Barbara Amiel’s May 14 column, Canada and the issue of racism, is the most knowledgeable article on racism in a long time. The only situation in which two races or cultures can live in peace is when there is complete integration, including marriage. The most obvious example is the United Kingdom, where Norsemen, Angles, Saxons, Jutes, Normans and Britons integrated to form the English race. In Canada, British
and French were slowly integrating up to the time that the bilingual-bicultural policy sought to keep us separate. Bilingualism and biculturism have put us back 200 years. —FRANK SOUTHERN, Sudbury, Ont.
Barbara Amiel’s views are an apologia for this country’s anti-Semitic immigration policies in the 1930s. She hopes that Canada will reverse its present liberal immigration policy, albeit advocating that “the more distant a culture is from our own Canadian culture, the more gradual the number of people you let in at one time.” Does Amiel really support “gradualness and assimilation” as guides in admission of immigrant groups? Are policies encouraging multiculturalism and outlawing racism “designed or at least destined to create explosive cultural tensions in this country?” How specious can her reasoning get? —EZRA SCHABAS,
Barbara Amiel’s interpretation of multiculturalism and her prescription for Canadian immigration policy should be anathema to all Canadians sincerely interested in promoting racial harmony. She claims that “cultural self-definition is an important part of human identity.” But by advocating an immigration policy based on a strange notion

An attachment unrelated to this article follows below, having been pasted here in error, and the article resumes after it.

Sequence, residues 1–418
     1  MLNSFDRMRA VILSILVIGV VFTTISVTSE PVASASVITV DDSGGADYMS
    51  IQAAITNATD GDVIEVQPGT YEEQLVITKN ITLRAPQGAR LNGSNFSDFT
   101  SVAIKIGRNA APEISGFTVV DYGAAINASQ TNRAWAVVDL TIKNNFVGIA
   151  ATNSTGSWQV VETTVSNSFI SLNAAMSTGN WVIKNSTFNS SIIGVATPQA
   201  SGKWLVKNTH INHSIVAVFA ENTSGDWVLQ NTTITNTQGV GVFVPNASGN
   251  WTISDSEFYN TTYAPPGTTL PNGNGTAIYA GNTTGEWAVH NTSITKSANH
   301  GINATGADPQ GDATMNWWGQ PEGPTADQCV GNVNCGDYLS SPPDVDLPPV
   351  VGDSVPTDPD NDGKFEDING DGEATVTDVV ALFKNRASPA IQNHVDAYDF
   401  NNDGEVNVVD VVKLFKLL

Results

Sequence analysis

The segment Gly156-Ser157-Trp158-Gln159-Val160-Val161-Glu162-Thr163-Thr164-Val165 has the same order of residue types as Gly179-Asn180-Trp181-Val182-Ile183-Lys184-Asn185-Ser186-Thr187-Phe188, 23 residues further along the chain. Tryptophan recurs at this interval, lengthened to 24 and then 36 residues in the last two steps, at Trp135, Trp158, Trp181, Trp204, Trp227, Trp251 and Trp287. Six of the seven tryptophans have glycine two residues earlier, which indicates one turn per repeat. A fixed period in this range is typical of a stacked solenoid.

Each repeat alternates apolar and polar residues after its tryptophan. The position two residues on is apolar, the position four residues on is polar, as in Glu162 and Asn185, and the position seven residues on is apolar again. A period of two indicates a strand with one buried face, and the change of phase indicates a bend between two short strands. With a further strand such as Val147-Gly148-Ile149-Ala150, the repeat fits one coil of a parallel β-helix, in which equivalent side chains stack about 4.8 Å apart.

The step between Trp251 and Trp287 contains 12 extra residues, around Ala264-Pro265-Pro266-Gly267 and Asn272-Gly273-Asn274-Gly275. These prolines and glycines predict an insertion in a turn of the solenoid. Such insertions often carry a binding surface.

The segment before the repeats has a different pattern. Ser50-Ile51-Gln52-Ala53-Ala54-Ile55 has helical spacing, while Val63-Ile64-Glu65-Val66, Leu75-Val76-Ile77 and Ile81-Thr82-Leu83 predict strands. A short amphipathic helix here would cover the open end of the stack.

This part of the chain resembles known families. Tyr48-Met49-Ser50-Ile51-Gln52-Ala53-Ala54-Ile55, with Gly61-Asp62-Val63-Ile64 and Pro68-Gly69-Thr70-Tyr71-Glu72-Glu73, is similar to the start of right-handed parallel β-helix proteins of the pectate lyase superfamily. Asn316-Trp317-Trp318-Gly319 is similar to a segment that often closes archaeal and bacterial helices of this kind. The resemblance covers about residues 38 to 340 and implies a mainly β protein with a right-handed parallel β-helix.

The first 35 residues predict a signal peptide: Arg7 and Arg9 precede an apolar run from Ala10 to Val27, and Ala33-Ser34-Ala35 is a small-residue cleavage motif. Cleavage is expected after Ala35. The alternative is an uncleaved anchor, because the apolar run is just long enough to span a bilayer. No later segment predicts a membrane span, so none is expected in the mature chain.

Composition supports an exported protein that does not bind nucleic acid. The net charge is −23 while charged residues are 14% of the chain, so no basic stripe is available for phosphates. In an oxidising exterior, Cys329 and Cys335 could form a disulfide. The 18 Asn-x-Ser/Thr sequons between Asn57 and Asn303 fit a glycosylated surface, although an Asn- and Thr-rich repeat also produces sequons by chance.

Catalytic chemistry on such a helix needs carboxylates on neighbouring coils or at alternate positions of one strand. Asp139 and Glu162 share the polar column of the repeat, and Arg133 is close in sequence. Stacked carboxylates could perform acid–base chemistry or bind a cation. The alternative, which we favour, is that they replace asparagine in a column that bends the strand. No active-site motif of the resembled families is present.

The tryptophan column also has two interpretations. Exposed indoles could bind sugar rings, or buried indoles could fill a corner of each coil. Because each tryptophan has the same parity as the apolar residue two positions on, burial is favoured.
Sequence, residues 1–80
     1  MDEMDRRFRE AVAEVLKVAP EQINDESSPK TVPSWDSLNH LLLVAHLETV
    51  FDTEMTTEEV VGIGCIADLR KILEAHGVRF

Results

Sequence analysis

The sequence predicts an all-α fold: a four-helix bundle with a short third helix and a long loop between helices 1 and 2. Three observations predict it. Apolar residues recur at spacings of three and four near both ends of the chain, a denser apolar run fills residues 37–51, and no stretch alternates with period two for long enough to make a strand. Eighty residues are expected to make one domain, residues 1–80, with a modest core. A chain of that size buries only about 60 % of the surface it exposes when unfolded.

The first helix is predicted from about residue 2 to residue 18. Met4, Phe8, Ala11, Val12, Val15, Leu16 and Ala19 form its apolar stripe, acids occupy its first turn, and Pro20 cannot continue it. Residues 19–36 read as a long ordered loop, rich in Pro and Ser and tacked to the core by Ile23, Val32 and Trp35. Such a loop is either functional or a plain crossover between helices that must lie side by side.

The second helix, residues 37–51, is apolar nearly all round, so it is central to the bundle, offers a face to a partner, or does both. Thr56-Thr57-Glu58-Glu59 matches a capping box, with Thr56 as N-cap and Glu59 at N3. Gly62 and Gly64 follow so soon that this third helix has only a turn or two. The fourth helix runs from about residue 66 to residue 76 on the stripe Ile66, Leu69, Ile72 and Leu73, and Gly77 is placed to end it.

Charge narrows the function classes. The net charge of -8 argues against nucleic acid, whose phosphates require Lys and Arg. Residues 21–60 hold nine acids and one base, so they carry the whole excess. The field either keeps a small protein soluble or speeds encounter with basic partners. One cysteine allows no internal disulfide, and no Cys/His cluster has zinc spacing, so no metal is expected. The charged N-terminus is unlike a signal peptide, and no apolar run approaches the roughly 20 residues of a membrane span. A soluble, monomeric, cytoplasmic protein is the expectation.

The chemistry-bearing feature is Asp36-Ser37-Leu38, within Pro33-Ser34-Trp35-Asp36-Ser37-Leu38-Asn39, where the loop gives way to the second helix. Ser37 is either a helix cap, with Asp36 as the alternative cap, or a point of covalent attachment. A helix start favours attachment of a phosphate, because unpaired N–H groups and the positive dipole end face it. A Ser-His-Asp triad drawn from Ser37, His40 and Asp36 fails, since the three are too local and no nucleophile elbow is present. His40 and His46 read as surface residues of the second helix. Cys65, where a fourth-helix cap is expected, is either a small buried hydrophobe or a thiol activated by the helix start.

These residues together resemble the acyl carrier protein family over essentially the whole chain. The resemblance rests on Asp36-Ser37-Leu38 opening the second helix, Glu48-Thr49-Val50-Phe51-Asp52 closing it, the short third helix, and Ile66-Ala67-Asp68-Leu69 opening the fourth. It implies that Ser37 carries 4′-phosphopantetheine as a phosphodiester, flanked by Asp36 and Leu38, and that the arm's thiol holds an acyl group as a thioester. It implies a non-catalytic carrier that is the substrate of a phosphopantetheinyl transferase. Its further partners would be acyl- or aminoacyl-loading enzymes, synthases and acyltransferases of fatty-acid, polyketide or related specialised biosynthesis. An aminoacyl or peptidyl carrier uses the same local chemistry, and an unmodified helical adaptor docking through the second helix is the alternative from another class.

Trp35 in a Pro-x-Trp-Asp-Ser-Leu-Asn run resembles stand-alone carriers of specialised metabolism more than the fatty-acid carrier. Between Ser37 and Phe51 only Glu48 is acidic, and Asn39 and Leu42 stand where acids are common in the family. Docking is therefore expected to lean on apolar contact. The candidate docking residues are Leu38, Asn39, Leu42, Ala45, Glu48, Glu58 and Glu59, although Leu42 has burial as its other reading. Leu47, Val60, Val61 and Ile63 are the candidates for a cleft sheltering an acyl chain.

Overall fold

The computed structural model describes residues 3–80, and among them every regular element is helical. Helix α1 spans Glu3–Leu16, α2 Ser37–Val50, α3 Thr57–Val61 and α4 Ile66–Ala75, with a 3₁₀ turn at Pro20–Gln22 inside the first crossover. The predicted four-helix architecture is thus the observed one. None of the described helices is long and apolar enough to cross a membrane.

of gradualness she would deny this opportunity to new Canadians. She would have them condemned to cultural isolation and ensure their ultimate assimilation to the culture of the “founding Anglo-Celtic-French groups.” The very concept of a Canadian identity distinct from multiculturalism betrays a profound lack of understanding of Canadian historical reality. In the final analysis the mosaic has become a firmly entrenched feature of Canadian political life, and such disparaging remarks as Amiel’s belong only to the era of Frederick Blair for which she seems to long. —JON WHEATCROFT,
Walking for peace
It is disappointing to find no coverage in Maclean’s of the peace walks that took place in major Canadian cities on April 28. Surely, this public proclamation against the escalating arms race is more important to Canadians than the murder charge to a former provincial cabinet minister and a sensational new book. —LYNN BROCKINGTON,
A clear definition
In the May 14 Follow-up article Gaspé’s fight for survival, you refer to “Quebec City” as the cause of the problems of Grande-Vallée. Quebec City is a municipal administration that has nothing whatsoever to do with the problems of Grande-Vallée. You should have used “Quebec government” to identify the provincial authorities and not “Quebec City,” which implies that the municipal authorities have something to do with the predicament of Grande-Vallée.
—JEAN HUBERT, Executive assistant, Office of the mayor, City Hall, Quebec
Telling it like it is
Allan Fotheringham’s May 28 column, Japan enters the Liberal race, was a delight, and he tells it like it is. The majority of Canadians are fed up with Pierre Trudeau’s lofty imperial rule and his insensitivity toward Canadians. Let’s face it. We really have a ludicrous choice, and most Canadians think that the entire selection is about as likely to solve Canada’s problems as a newborn baby. -PATRICIA DYER,
Letters are edited and may be condensed. Writers should supply name, address and telephone number. Mail correspondence to: Letters to the Editor, Maclean ’s magazine, Maclean Hunter Bldg., 777 Bay St., Toronto, Ont. M5W1A7.